The officer in this story was Louis Basquill. I can’t recall off the top of my head which family he belongs to. He was born in County Mayo and emigrated to the US and lived the rest of his life in St. Louis, Missouri. He never married.
(ETA: He’s Louis F. Basquill, son of James Basquill and Mary Walsh, baptized 15 Feb 1854 in Killawalla, Ballintober Parish, County Mayo, Ireland. Baptismal sponsors James Jennings and Bridget Kelly.)
You have to admire someone who has the brass ovaries to lob pancakes at the first lady.
An Over-Zealous Prosecution.
Mrs. Annie Sax, the Pancake-Thrower, Fined Fifty Dollars.
St. Louis, Oct. 19.–The case of Mrs. Annie Sax, she of the griddle-cake-hurling propensity, came up in due course before Judge White in the Second District Police Court yesterday morning. The habitues of the police court were there in the usual proportion, but the great rank and file who manifested a temporary interest in the foolish caper were conspicuous by their absence, and had doubtless forgotten the existence of a woman who could throw a piece of fried dough fifty feet. The offense, as chronicled at the time, consisted in the eccentric manner in which Mrs. Annie Sax presented her last pancake to Mrs. Cleveland on Tuesday afternoon of Fair week, while the presidential party were driving by the “house of Comfort.” The greasy dodger struck Mrs. Cleveland on the sleeve, making a slight stain. Mayor Francis, without waiting for a fork, dropped the dyspeptic compound in the road. Meanwhile the heroic Annie had fled into the seclusion of a neighboring booth, whence Officer Basquill, a minion of the law, dragged her forth a few minutes later.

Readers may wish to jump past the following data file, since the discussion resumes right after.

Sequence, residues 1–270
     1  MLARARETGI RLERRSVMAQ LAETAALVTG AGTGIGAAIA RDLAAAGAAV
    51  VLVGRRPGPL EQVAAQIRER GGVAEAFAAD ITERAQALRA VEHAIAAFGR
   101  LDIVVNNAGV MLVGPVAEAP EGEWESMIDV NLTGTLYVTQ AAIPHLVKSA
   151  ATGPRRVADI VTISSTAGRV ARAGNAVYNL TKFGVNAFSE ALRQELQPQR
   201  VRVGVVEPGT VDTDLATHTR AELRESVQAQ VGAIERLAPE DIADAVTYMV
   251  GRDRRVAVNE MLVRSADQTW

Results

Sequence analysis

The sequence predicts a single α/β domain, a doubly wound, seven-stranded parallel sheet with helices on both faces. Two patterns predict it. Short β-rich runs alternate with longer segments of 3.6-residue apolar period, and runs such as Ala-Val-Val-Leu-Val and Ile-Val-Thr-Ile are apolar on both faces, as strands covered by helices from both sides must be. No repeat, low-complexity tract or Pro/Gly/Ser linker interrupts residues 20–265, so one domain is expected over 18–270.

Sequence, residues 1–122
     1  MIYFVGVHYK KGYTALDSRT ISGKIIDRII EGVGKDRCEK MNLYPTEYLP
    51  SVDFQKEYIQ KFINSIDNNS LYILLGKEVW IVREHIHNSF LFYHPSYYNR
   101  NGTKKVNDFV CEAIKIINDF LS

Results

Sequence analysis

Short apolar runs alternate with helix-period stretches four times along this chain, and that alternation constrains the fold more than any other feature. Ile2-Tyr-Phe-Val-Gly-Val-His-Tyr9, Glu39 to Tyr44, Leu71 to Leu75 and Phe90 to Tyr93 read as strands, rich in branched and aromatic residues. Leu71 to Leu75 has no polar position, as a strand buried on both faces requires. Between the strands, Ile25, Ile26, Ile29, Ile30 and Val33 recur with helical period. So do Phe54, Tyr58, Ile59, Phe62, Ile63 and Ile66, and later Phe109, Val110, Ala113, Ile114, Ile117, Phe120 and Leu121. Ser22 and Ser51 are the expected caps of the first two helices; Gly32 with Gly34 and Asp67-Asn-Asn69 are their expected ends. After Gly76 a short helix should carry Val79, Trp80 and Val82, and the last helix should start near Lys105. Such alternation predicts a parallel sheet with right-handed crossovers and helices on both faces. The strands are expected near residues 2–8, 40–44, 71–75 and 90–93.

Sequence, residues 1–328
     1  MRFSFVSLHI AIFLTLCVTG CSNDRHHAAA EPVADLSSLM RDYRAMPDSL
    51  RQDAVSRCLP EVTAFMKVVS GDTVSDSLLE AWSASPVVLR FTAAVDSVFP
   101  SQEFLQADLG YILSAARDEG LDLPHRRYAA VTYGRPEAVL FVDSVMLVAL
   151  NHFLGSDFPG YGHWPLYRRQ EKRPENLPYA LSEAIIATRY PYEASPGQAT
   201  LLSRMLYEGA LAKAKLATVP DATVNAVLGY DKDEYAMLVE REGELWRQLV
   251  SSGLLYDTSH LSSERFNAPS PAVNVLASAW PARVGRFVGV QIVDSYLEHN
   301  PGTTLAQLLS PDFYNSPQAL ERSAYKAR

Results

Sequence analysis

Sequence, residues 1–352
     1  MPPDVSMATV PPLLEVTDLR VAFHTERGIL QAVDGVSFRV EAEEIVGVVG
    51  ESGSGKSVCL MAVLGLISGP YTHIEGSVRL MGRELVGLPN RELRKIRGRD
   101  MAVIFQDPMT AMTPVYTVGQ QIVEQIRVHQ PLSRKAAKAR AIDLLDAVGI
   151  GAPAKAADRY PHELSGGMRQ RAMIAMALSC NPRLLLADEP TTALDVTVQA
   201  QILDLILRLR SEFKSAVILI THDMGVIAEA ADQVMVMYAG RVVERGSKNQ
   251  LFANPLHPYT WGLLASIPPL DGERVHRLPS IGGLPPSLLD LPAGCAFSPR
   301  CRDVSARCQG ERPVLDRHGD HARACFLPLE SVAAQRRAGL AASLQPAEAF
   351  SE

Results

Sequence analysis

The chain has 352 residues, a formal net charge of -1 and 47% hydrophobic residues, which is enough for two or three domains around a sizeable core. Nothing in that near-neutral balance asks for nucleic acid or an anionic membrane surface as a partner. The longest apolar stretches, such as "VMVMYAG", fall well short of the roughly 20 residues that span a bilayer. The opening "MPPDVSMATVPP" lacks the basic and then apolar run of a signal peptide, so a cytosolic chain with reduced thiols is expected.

P.S. Lanham, Officer Basquill and Charles Klotter were examined, in turn. The fair defendant was given a hearing, and entered a general denial that she had intended to throw the morsel at any one. Mr. Lanham was recalled at this point and testified that Mrs. Sax had remarked that she wanted Mrs. Cleveland to know what St. Louis pancakes were made of, or words of similar import. The defendant here lost her naturally sweet temper, and was only prevented from giving vent to her indignation by the deputy marshal.
After the customary brilliant legal pyrotechnics on the part of Prosecuting Attorney Adams and Mr. Watson, defendant’s counsel, Judge White participated in the catechizing sufficiently to satisfy himself that Mrs. Sax had been guilty of “violent, tumultuous, offensive or obstreperous” conduct, as well as of a display of supreme disregard for the eternal fitness of things, in making the first lady of the land a target for her unerring aim. He accordingly fined her $50, from which decision Mr. Watson will take an appeal.